Flu Season Is Here

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By: Joseph Halphen PA-C, Lake After Hours

Seasonal influenza, commonly called “the flu,” is caused by influenza viruses, which infect the respiratory tract (i.e., the nose, throat, lungs). Unlike many other viral respiratory infections, such as the common cold, the flu can cause severe illness and life-threatening complications in many people.  Most people who get the flu recover completely in one to two weeks, but some people develop serious and potentially life-threatening medical complications, such as pneumonia. In an average year, the flu is associated with about 20,000 deaths nationwide and many more hospitalizations. Flu-related complications can occur at any age; however, the elderly and people with chronic health problems are much more likely to develop serious complications from the flu than are younger, healthier people.

The timing of flu is very unpredictable and can vary from season to season. Flu activity most commonly peaks in the U.S. in January or February. But, seasonal flu activity can begin as early as October and continue to occur as late as May.

Typical flu symptoms include fever (usually 100-103 degrees Fahrenheit in adults and often even higher in children) and respiratory symptoms, such as cough, sore throat, runny or stuffy nose, as well as headache, body aches, and often extreme fatigue. Although nausea, vomiting, and diarrhea can sometimes accompany the flu, especially in children, gastrointestinal symptoms are rare. The term "stomach flu" is not really a flu at all. It is often used to describe an illness caused by other viruses.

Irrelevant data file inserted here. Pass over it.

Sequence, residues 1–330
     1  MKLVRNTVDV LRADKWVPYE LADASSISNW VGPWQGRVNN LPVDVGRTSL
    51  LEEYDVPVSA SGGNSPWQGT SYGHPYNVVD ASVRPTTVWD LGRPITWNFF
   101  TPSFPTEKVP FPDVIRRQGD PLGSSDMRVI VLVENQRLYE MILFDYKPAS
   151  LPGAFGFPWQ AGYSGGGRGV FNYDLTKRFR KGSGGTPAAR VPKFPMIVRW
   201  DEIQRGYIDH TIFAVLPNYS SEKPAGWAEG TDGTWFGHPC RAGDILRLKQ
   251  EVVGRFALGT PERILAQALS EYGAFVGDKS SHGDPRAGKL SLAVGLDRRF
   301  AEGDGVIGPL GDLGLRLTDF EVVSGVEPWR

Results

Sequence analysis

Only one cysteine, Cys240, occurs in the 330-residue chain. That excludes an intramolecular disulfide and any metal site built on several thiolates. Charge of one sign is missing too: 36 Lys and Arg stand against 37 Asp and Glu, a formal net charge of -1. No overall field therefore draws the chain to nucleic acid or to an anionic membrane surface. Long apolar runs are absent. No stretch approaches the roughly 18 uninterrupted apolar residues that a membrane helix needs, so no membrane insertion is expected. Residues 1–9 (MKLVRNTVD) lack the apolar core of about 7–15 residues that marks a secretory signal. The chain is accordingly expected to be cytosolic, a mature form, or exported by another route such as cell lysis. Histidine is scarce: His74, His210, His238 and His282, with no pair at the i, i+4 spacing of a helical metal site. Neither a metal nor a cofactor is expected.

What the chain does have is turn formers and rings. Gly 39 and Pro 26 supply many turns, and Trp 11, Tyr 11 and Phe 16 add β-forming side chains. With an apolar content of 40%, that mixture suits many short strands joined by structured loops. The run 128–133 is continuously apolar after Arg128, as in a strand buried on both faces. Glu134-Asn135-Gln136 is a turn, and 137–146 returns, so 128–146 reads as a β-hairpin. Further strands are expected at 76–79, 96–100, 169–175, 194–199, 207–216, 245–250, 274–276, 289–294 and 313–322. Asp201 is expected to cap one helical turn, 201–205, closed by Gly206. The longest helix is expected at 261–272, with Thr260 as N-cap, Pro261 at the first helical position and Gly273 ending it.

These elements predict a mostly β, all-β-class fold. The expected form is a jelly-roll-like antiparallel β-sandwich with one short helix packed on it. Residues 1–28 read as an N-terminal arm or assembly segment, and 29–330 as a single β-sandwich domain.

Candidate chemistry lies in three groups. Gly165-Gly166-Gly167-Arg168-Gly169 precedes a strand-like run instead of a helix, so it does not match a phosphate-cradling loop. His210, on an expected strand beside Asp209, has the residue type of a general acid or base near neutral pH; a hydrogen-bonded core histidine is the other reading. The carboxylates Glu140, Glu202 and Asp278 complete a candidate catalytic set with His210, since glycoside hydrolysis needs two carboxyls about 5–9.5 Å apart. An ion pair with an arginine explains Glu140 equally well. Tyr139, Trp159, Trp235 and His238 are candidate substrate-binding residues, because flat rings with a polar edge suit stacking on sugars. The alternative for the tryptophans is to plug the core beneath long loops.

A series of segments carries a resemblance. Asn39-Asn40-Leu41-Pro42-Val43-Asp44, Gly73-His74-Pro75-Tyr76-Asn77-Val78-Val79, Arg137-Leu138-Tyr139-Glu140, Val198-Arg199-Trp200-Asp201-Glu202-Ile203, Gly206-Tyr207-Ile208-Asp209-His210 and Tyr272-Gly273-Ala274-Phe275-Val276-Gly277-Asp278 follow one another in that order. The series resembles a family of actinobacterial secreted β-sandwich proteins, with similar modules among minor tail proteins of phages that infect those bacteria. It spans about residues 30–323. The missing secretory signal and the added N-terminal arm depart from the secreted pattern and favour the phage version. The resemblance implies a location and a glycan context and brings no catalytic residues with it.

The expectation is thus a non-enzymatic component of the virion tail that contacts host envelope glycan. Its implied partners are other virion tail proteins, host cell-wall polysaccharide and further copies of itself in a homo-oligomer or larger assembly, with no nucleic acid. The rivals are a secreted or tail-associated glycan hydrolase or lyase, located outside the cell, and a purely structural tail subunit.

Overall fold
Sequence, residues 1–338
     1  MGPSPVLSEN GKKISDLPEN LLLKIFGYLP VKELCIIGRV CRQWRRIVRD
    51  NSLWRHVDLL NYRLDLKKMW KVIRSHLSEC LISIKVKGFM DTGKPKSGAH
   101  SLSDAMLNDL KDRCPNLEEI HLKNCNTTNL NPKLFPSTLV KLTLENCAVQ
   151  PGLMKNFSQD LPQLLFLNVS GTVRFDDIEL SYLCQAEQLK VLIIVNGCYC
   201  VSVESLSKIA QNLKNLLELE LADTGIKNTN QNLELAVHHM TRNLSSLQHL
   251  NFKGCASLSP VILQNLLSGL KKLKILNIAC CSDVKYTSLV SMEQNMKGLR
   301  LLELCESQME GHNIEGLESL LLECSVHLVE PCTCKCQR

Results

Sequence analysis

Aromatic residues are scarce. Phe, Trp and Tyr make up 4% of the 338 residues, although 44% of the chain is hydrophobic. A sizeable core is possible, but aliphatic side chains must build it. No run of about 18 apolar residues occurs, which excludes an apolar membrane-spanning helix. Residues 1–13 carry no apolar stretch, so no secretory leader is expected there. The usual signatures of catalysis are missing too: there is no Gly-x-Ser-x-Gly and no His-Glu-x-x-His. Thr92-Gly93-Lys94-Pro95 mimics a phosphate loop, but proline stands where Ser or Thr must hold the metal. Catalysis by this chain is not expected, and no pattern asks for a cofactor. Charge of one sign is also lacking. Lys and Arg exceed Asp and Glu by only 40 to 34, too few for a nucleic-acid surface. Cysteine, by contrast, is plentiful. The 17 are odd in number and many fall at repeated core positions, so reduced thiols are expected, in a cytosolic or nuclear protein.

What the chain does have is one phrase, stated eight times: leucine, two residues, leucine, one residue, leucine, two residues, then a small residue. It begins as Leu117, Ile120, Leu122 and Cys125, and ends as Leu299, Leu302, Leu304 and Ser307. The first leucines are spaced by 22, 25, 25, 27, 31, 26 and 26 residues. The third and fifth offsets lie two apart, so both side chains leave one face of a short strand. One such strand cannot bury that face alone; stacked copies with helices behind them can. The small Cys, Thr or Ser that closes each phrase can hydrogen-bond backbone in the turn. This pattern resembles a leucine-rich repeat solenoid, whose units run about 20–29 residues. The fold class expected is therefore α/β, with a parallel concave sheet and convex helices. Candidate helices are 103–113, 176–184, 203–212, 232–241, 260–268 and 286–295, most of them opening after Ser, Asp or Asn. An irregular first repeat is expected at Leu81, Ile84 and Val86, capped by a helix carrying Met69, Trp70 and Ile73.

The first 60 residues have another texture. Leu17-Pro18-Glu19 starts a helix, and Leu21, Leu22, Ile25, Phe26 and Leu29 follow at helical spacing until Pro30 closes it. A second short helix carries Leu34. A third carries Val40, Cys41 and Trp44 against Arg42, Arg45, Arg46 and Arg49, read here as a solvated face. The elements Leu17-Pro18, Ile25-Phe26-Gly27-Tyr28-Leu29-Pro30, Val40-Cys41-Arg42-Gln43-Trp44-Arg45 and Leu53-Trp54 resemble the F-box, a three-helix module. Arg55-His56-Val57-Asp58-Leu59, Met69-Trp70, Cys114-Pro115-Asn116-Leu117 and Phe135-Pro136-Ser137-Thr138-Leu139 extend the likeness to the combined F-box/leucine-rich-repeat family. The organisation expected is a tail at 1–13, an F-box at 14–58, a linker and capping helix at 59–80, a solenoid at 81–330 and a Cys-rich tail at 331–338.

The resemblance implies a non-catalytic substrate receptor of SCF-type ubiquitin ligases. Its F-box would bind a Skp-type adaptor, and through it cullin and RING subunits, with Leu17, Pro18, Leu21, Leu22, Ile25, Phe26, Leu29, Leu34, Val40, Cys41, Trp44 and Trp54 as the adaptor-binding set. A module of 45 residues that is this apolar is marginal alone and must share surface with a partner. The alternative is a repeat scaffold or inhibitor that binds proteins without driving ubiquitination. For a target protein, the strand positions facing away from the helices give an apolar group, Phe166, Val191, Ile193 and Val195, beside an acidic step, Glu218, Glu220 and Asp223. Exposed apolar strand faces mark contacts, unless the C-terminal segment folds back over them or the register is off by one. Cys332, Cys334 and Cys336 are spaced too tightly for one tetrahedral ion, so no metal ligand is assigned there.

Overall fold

Flu viruses are divided into three types, designated A, B, and C. Influenza types A and B are responsible for epidemics of respiratory illness that occur almost every winter and are often associated with increased rates of hospitalization and death.

Influenza type C differs from types A and B in some important ways. Type C infection usually causes either a very mild respiratory illness or no symptoms at all. It does not cause epidemics and does not have the severe public health impact that influenza types A and B do. Efforts to control the impact of the flu are mostly aimed at types A and B.

Flu viruses continually mutate over time. This constant changing enables the virus to evade the immune system, so that people are susceptible to the flu throughout life. This process works as follows: a person infected with a flu virus develops antibody against that virus; as the virus mutates, the "older" antibody no longer recognizes the "newer" virus, and the person gets sick. The older antibody can, however, provide partial protection against newer viruses.

Currently, three different influenza strains circulate worldwide: two type A viruses and one type B. The two type A viruses are:  A(H1N1), A(H3N2) respectfully.

You can reduce the risk of getting influenza or spreading it to others by:

  • Washing your hands often and using hand sanitizers
  • Promptly disposing of used tissues in the waste basket or garbage
  • Coughing and sneezing into your shirt sleeve rather than your hands
  • Staying home when you are ill
  • Getting the influenza vaccine

If you get the flu there are drugs that can shorten flu illness. They are called antiviral drugs and can make your illness milder and make you feel better faster. They can also prevent serious flu–related complications, like pneumonia. The two most commonly used antiviral medications are Tamiflu and Relenza.

Everyone 6 months of age and older should get a flu vaccine as soon as the 2011-2012 vaccines are available. The flu vaccine is currently available at all of the Lake After Hours Urgent Care locations. Those at high risk of serious flu complications include young children, pregnant women, people with chronic health conditions like asthma, diabetes or heart and lung disease and people 65 years and older. Vaccination is also important for health care workers, and others who live with or care for high risk people. Children younger than 6 months are at high risk of serious flu illness, but are too young to be vaccinated. Anyone who cares for them should be vaccinated instead as a precautionary measure.

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